The trusted source for
healthcare information and
How can you keep average wait less than 1 hour? VHA shares its strategies
Triage nurses greet ED patients at door and send patients directly to beds
If the average waiting time in your ED is more than an hour, maybe you could learn a thing or two from ED managers who report that their patients wait less than 60 minutes for treatment. Key strategies, they say, are to optimize the usefulness of your triage nurse and to pounce on the patients as soon as they step in the ED by assigning an account number — which facilitates ordering labs, X-rays, and patient records — almost before you know anything about their complaint.
VHA, a nationwide network of community-owned health care systems and their physicians based in Irving, TX, reports that its EDs across the country have an average waiting time for a patient to see a physician of between 30 minutes and one hour, measured from the time the patient first walks in until a physician conducts an assessment.
That time is good compared to what most EDs experience, but the network still is trying to shorten the wait, says Jeanne McGrayne, RN, MSN, director of emergency department consulting for VHA. McGrayne is the primary VHA leader responsible for improving ED efficiency and reducing wait times. VHA is a for-profit cooperative with more than 2,200 member facilities nationwide, making it one of the largest health care organizations in the country.
High demand is part of the problem, but the ED managers report the biggest cause of wait time is that the hospital doesn’t have enough beds available when they need to move patients out. The limited ability to quickly move patients from the ED to acute and critical care beds creates a bottleneck in the ED, according to VHA’s annual surveys of its ED managers.
The ED managers also cited uninsured patients using the ED for primary care and the closing of other area emergency departments as significant reasons for overcrowding.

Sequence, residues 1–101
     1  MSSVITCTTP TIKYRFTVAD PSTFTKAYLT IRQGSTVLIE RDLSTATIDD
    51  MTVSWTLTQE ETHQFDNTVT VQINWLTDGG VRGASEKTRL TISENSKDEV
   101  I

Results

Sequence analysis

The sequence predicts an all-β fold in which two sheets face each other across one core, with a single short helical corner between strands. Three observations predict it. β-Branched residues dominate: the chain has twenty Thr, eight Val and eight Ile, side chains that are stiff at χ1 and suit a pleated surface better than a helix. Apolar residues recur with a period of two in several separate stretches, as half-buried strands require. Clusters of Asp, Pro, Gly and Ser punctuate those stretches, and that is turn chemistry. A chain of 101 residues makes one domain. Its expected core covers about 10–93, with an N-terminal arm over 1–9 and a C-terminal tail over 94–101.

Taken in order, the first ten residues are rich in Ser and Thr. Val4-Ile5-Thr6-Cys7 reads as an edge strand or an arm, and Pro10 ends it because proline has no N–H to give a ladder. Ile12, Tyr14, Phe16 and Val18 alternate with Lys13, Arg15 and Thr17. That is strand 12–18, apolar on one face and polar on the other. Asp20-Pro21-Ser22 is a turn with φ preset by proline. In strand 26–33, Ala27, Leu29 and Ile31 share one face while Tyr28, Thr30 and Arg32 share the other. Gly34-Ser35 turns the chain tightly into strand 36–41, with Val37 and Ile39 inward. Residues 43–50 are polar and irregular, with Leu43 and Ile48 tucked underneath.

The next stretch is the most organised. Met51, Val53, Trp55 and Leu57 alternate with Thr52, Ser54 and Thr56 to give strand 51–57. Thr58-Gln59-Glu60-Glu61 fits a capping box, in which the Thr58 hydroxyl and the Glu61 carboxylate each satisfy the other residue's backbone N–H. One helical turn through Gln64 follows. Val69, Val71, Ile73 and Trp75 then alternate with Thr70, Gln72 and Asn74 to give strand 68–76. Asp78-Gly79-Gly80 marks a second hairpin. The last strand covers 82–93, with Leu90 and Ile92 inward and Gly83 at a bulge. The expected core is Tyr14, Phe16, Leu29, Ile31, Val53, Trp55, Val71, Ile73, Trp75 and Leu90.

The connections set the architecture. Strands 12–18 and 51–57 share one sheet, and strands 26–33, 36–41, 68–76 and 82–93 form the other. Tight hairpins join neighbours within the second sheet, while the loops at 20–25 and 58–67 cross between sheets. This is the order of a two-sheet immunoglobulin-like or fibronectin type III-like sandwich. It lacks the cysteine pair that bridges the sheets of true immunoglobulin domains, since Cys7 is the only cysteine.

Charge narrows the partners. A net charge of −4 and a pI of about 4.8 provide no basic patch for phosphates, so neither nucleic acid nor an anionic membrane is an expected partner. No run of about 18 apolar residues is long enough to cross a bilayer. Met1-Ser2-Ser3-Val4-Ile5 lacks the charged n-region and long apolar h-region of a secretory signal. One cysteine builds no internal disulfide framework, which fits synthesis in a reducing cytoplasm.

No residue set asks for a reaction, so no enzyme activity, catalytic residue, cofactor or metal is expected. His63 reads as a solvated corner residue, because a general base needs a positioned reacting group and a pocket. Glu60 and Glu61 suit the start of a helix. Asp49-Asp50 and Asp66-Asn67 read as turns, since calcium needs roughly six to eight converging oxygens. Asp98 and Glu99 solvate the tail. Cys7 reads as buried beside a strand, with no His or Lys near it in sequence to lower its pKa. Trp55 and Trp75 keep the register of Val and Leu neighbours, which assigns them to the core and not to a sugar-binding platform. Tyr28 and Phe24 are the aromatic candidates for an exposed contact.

The VHA findings mirror national trends, such as those in the results of a national survey released in October 2003 by the American College of Emergency Physicians in Washington, DC. (For those survey results, go to www.acep.org/download.cfm?resource=1012.)
"The [VHA] survey results show that issues such as inpatient bed capacity and patient volume are affecting emergency departments’ ability to deliver care, in spite of the staff members’ dedicated efforts," McGrayne says. "Hospitals need to address issues that affect the organization as a whole to truly improve the delivery of care in the ED."
Triage nurses can be crucial link
More than half of the survey respondents said the average waiting time for patients to see a physician was between 30 minutes and one hour, but 65% said their hospitals never turn ambulances away due to not having room in their EDs. (For other survey findings, see box, below.)
|VHA Nationwide ED Survey Results|
|Source: VHA, Irving, TX.|
McGrayne says VHA EDs are reporting better waiting times as a result of several strategies employed throughout the system in recent years. One of the most important involves using triage nurses more effectively. Based on her own work with VHA hospitals and other facilities, McGrayne estimates that at least half of all EDs could greatly improve how the triage nurse is used to improve patient flow.
The key, she says, is for the triage nurse to be more proactive, to actively seek out the patient at the door rather than waiting for him or her to come to the triage desk, and then to do everything possible to get the patient in a bed instead of the waiting area.
Also, most EDs do not assign an account number fast enough, McGrayne points out, so she advocates having the triage nurse handle that task when possible.
"We’re trying to make the triage nurse become more of a greeter, the first person to see the patient," she says. "That’s opposed to the registration staff taking 20 minutes with them and then sending them to the waiting room."